There was no post last week because I was up in the wilds of Ardnamurchan, staying somewhere so beautiful and remote that there was no electricity, let alone an internet connection.
I have often mentioned my predilection for reading books that match the setting. This wee trip to Scotland was a welcome opportunity to revisit the pile of Scottish books I bought when we went to Harris last year, and I got too caught up with Gavin Maxwell’s wonderful Ring of Bright Water to read any of the rest of them.This time, I picked Sunset Song by Lewis Grassic Gibbon. And so I embarked upon one of the most enjoyable reading experiences of my life.
Every day, in the late morning – once we’d blearily risen and tidied the mess from the previous night’s drunken antics, which in a caravan swiftly becomes mountainous – I poured a mug of coffee and climbed up on to the rocks where I sat and read, the breeze snatching my hair, alone apart from the occasional gull and eagle. Every very few pages I looked up and saw Arnamurchan lighthouse, marking the most Westerly point on the British mainland, poised over a sandy white beach, on which the boys were usually playing Frisbee or beach golf.
In the other direction, loomed the Lord-of-the-Rings-like islands Eigg, Muck and Rhum, and – if it was really clear – there was a glimpse of the Outer Hebrides too. What a view! (The artfully placed book marks the very spot where I sat.)
Admittedly, Sunset Song is set in a different bit of Scotland – in the fictional Kinraddie, just inland from Aberdeen. And when Gibbon writes so lovingly of the land there, he is writing about the hills, not the sea. But still, I felt I was breathing the same fresh Scottish air, experiencing the same feel of the landscape – far more dramatic than anything England’s got to offer.
Sunset Song is about Kinraddie and its community. It was written in the 1930s and – aside from a whistle-stop, bonkers, Danny Boyleish historical tour in the Prelude – set in the few years preceding the First World War. These years, although harsh and tough, are portrayed as something of a golden age before war comes and wreaks destruction on the community. The story centres on Chris Guthrie, who we meet when she’s just sixteen, torn between pursuing an intellectual life of studying English books or a more visceral appreciation of the Scottish land:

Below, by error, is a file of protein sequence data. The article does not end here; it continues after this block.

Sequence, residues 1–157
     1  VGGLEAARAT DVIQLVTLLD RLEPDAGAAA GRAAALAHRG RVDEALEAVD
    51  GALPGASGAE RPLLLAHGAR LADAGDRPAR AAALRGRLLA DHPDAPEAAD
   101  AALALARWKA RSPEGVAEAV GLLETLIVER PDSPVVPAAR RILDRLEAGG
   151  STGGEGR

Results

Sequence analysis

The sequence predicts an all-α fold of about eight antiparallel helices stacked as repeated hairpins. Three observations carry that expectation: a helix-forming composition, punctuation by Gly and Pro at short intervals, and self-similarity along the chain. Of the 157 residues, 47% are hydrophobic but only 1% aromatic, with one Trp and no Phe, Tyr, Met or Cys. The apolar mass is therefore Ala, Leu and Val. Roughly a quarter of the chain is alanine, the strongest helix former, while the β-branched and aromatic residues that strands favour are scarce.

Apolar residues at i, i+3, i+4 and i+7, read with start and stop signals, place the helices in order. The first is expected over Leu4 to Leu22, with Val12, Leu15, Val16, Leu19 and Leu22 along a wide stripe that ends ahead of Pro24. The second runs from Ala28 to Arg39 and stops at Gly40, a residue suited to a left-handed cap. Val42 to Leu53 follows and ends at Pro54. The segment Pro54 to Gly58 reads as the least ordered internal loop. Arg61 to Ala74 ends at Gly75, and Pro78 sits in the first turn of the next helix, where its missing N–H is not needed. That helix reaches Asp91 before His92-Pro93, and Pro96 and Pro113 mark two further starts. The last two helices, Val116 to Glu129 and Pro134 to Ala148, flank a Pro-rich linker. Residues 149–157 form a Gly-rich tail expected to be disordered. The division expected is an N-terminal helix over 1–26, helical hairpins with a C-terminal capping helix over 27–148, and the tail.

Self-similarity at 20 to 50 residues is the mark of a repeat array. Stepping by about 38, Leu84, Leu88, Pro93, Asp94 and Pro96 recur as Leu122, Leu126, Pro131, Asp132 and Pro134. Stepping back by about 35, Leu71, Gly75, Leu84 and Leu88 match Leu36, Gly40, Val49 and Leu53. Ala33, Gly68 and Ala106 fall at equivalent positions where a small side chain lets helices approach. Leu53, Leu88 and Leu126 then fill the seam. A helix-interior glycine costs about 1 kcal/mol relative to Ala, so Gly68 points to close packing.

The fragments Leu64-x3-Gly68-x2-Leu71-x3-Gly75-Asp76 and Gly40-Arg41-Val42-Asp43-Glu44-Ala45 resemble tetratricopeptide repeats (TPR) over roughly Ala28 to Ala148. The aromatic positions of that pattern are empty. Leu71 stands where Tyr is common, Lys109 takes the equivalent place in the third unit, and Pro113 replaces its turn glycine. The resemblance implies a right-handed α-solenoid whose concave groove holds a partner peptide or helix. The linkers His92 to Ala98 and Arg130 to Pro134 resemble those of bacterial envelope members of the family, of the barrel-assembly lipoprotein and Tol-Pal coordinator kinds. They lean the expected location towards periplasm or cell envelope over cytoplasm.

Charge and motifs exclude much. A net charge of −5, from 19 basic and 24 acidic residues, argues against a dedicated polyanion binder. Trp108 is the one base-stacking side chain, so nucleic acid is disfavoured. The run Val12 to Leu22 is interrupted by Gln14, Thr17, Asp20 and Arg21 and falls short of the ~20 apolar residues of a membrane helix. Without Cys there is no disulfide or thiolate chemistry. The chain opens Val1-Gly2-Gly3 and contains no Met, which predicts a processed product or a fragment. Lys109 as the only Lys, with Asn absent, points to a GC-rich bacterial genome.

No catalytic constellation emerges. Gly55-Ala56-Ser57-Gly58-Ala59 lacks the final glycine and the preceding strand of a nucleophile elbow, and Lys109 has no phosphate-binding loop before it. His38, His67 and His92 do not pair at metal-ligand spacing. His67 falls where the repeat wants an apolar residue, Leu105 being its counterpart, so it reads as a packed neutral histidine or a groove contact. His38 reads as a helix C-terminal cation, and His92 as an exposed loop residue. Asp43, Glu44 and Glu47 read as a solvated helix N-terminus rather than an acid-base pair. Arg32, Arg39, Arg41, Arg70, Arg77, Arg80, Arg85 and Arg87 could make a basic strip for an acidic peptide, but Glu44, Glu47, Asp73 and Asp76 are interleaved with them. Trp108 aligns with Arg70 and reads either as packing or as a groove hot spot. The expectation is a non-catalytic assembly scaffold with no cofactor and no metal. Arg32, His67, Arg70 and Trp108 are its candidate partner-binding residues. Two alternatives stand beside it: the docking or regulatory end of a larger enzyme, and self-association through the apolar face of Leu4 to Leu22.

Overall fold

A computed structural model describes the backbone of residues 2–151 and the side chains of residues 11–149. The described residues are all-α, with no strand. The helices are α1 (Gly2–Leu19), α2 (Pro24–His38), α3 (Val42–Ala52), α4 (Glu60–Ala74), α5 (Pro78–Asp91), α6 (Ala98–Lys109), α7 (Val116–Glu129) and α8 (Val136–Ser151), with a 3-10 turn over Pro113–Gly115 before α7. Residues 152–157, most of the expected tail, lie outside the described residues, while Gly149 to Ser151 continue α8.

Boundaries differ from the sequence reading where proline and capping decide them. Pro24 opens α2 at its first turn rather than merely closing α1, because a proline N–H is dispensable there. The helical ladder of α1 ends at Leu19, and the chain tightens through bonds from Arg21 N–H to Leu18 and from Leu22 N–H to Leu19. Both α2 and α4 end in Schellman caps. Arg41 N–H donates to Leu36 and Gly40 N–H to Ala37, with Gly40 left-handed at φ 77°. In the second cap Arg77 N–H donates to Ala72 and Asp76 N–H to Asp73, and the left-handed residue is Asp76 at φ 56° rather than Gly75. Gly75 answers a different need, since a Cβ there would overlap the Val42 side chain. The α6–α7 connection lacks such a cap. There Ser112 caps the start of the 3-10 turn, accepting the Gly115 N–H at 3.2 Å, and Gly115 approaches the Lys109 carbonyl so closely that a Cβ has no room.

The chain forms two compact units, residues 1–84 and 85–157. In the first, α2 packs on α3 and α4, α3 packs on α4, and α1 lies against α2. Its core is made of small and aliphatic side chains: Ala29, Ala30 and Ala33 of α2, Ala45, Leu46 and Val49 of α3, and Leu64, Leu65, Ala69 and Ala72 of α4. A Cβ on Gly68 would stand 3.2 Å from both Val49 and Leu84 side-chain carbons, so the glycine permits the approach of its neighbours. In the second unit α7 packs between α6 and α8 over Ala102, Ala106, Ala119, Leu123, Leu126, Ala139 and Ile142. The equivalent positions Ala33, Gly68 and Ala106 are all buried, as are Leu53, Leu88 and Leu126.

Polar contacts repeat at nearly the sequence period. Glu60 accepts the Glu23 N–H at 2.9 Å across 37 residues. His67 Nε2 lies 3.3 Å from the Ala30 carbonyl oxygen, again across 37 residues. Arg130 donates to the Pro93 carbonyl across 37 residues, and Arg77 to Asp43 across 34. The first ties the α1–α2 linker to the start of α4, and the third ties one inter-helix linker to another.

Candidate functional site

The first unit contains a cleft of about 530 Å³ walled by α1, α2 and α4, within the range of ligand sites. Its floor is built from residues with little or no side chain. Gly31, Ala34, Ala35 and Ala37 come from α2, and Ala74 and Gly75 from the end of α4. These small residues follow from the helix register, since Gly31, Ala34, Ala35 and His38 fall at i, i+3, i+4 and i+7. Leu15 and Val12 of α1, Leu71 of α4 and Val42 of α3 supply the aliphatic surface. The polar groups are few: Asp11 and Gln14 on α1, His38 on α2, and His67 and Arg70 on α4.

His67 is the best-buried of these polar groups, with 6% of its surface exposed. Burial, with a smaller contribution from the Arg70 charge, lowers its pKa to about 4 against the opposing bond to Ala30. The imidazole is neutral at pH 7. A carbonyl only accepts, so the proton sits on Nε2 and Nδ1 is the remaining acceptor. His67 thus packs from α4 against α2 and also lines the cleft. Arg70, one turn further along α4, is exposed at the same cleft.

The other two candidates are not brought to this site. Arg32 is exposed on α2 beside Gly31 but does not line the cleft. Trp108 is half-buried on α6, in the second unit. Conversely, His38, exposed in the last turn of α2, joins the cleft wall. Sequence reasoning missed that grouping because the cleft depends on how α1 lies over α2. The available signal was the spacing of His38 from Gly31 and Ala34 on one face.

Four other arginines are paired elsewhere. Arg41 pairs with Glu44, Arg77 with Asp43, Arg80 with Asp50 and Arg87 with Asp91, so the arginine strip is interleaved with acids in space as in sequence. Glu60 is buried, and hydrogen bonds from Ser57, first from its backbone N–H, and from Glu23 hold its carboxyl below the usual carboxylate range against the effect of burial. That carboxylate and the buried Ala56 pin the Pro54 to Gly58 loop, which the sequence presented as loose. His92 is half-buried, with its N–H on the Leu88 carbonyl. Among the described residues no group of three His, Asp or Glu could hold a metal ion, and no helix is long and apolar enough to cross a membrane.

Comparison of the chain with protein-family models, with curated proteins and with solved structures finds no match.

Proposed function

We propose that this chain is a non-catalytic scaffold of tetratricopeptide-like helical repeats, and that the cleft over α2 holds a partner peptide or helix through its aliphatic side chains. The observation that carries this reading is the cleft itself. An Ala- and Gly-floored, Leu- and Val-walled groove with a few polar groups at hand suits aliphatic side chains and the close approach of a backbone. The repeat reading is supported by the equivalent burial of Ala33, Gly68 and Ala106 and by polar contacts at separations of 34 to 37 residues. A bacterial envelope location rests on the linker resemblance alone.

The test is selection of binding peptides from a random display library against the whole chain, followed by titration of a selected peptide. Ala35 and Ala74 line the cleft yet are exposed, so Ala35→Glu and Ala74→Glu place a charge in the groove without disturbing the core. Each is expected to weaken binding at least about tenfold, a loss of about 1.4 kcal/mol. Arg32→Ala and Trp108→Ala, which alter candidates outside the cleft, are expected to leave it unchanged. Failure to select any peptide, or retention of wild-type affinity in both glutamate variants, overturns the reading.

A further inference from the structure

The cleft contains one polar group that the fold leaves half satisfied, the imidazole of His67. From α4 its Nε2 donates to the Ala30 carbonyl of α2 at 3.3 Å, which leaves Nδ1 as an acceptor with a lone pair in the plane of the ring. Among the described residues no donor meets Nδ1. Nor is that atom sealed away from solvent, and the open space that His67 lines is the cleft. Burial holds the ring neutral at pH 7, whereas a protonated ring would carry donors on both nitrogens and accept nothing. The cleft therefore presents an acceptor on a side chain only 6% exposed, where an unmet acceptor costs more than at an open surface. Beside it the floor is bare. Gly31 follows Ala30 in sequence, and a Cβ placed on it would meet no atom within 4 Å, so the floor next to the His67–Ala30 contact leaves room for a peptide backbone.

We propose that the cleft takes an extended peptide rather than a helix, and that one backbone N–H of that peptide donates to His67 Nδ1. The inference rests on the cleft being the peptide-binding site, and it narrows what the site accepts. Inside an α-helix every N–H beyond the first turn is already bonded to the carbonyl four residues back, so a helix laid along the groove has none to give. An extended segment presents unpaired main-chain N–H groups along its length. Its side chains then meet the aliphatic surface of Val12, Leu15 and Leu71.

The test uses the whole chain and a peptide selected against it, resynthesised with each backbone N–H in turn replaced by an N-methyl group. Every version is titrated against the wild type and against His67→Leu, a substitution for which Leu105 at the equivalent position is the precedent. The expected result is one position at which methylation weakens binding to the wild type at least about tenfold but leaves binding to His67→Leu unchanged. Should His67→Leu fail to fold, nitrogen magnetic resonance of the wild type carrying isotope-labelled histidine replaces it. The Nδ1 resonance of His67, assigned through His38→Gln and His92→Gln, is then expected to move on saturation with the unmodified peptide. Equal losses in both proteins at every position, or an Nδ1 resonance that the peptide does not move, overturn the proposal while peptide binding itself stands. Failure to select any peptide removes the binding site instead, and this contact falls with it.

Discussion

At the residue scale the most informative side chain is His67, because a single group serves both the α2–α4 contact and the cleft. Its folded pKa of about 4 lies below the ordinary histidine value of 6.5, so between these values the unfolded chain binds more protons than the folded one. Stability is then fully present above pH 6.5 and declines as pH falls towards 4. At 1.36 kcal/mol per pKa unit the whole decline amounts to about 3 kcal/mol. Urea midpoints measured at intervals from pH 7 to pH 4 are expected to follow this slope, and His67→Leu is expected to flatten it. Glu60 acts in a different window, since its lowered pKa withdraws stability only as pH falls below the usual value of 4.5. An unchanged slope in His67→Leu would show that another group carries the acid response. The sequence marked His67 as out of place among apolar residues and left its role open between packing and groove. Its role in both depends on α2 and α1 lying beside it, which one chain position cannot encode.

Oh, Chris, my lass, there are better things than your books or studies or loving or bedding, there’s the countryside your own, you its, in the days when you’re neither bairn nor woman.
That tight inversion ‘your own, you its’ reveals just how close Chris’s connection is with the land, as indeed is everyone’s who works their croft in this community. It reminds me of John Donne’s line in ‘The Good Morrow’, ‘my face in thine eye, thine in mine appears’ and perhaps this mingling of people and land is not unlike that of lovers, without wanting to get too D.H. Lawrence about it.
This division between books and the land is echoed in other divisions portrayed in the book – brain and body, town and country, but most fundamentally, English and Scottish. And this is felt most keenly in the language:
Every damned little narrow-dowped rat that you met put on the English if he thought he’d impress you – as though Scotch wasn’t good enough now, it had words in it that the thin bit scraichs of the English could never come at. And Rob said You can tell me, man, what’s the English for sotter, or greip, or smore, or pleiter, gloaming or glunching or well-kenspeckled? And if you said gloaming was sunset you’d fair be a liar…
I think my favourite of these words has got to be ‘glunching’, which Gibbon thoughtfully translates in the much-needed glossary at the back of the book to mean ‘to mutter half-threateningly, half-fearfully’. I now fully intend to glunch at people.